Richard Schneeman at RailsClub2017
Speaker at RailsClub, 2016 Ruby Hero. Top 50 Rails contributors. Maintainer of Sprockets, Heroku.
On the RailsClub 2017, we’ve managed to talk with Richard about his report, his job and the future of Ruby and Rails.
Hi! How have you been? How’s Moscow?
Hi, Moscow has been great, I got here, I guess, two nights ago, and yesterday we did some tourism with the other speakers.
It’s cold, isn’t it?
Oh my gosh, it’s freezing! I’m from Texas, so I brought extra jackets, extra shirts. It’s so cold!
Well, hope you won’t fall sick. How’s the conference going? Has it met your expectations so far?
Yeah, somebody has just handed me a giant thing of cotton candy and I wasn’t expecting it, so that’s exceeding expectations. Immediately after my talk people asked questions and, at most conferences, the questions they ask are awful, while here the questions, I think, were really good and they actually added on to what I was trying to say. I really appreciated that. A lot of the developers came up to me and had good questions after the conversation.
Moving to your report. What about threads?
Well, threads aren’t evil. That was it, end of talk. [laughing] I think Ruby developers are very afraid of threads, and they don’t understand what a thread is. So, I wanted to explain the background of threads and show some cases where we can use threads. And it’s not that scary.
Is it possible to make the usage of threads easier?
The best way that I’ve seen to make it easier is through patterns. Threads are so simple, if you do too much on top of the thread and it’s no longer a thread. For example, the guilds is being proposed and that is supposed to be easier. *Cuich* is very interested in making a very easy-to-use case, but, unfortunately, if you are going to use threads, it’s going to be difficult. So, they’re not evil, but they’re hard.
What about the programming world in the future? How do you see it in 10 or 50 years?
Brain implants, I think. And we just think of what we want to happen and then it just works.
Is there a place for Ruby?
This is a very difficult question. I’ve been programming in Ruby for 10 years and when I first started, Rails had just come out and it was Rails 0.9. Everybody was so excited. I think Rails now is very immature, and to me it’s really good. To me, this means that I can be productive, and when people add new features, it’s not a big new feature, but it’s a useful new feature, and I’m really excited about that. So, I think Ruby is a really good intersection of usability and it’s getting faster. I think this is the number one goal of the core team.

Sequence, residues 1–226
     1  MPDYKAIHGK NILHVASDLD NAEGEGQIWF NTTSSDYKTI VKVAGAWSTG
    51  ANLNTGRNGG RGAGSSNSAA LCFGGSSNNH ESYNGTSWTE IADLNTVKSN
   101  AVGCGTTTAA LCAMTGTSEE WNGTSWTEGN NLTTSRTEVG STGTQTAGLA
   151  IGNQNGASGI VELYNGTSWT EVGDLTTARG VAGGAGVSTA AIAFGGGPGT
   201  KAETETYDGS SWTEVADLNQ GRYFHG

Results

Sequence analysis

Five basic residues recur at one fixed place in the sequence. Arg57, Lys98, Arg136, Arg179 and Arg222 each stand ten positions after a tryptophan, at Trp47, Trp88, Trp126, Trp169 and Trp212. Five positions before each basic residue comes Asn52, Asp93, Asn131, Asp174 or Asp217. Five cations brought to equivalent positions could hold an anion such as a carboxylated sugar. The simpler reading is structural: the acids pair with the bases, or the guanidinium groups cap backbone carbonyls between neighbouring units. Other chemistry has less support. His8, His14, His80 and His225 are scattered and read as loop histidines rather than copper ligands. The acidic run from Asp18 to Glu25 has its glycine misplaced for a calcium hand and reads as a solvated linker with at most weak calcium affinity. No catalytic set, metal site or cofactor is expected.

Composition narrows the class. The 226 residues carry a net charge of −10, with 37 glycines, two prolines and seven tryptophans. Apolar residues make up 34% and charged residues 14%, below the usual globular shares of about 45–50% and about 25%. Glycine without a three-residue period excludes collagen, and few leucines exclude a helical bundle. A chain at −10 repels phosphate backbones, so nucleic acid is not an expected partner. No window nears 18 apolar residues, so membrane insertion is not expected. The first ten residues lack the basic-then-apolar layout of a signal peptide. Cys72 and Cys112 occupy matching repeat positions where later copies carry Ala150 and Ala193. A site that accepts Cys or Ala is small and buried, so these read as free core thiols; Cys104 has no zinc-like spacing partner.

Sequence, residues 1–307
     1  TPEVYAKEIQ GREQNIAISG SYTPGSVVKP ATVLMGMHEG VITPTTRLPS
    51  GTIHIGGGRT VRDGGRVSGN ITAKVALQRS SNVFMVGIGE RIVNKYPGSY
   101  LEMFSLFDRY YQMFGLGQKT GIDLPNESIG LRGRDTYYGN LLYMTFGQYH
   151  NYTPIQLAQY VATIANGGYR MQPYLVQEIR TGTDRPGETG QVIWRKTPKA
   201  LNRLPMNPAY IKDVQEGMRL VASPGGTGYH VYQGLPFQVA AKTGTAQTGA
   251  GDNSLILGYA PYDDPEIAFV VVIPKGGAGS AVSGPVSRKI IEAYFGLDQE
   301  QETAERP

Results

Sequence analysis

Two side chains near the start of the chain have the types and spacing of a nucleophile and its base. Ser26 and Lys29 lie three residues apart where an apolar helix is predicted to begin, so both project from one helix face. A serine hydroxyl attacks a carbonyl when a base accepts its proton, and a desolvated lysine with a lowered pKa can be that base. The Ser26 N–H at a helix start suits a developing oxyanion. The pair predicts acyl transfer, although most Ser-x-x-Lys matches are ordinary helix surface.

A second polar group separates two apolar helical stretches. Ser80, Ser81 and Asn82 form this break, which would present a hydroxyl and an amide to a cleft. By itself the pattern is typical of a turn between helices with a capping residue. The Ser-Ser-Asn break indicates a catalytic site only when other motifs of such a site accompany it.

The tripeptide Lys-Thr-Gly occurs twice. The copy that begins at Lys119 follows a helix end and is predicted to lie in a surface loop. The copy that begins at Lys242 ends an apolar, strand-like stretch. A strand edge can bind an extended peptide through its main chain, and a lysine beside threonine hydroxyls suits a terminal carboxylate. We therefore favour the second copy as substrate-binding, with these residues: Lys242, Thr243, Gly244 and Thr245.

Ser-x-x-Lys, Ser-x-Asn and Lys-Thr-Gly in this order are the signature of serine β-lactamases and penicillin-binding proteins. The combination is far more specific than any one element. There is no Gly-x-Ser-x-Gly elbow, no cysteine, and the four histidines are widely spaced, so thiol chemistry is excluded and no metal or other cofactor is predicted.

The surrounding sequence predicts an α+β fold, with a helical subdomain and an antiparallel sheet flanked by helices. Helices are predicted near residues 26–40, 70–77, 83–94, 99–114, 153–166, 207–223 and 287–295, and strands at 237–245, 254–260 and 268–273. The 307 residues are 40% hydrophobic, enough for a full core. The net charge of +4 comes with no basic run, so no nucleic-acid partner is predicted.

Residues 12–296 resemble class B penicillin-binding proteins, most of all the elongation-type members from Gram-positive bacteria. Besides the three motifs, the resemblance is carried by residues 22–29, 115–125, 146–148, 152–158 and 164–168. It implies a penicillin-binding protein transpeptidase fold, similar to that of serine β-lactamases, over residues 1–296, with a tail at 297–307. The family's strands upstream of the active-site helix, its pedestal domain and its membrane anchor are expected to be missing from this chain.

So you’ve got the positive outlook, haven’t you?
Yes, I have.
Nowadays, the job of the coder is becoming more and more popular. There are plenty of coders out there. What is your advice to stand out from the crowd?
If you want to stand out from the crown, wear a big hat! [laughing] I’ve always tried to have a large impact, so I picked up maintainership of Sprockets, because a lot of people were using it and there was a need in the community. That’s what I’ve been mostly interested in. I also think, that making sure to get out will help: speak to people, go to conferences. I’ve got a tremendous amount of good feedback writing a blogpost. I’m trying to write a blogpost once a week, which is not happening this week, I’m sorry, I’m in Russia, I’m enjoying the sites.
Talking about feedback, a lot of people do their job and get a great satisfaction from it, e.g. building a useful thing, such as an aircraft or a ship, that serves people and they thank you. Do you happen to get this feedback or is it just like a task and money?
Oh no, no, no. Well, I like getting money, I like being paid. However, I don’t have any ads on my blog or anything like that. I like sharing what I’ve learned. I learned how to program from so many different people and they were just sharing what they knew. Now I want to share what I know and it actually ends up paying back to me, because sometimes I post and I say: “Hey! Here’s how I did something”, and people reach out to me and say: “Oh, I’ve got a better way”. So, my job is very rewarding for me in this way.
Have you ever thought about writing a book? What would it be about? What would be the name of the book?
Hmm, “Programming isn’t evil”, maybe? Actually, I co-authored O'Reilly's book about Heroku. So, I guess, I can say that I’ve written a half of a book. Talking about my own book, I’d like to, but I don’t necessarily know what people want to hear about. Some of my most popular blog posts are about the service I run called “codetriage.com” and people are very interested in things like how the does the service work, how is it run, how do I get new users. They are also interested in technical problems, like “I did this, and it was wrong. Here’s how you can learn from me”, and I think this is really interesting. It could be a need to package all of it up in a book, as it is half technical, half non-technical.
It is believed, that a person of each profession has its own professional nightmares connected to their job. Do you have yours?
I don’t know. Probably, the worst that could happen is that I was just very adamant about a certain change, and I ignored some good feedback from someone else. What I mean, is I don’t mind being wrong, but I would be very hurt if someone had been trying to warn me to do the right thing and I just didn’t listen to them at all.
Oh, that’s very it's very sentimental of you. Thank you for joining us, it’s been a pleasure to talk to you!
Thanks for having me!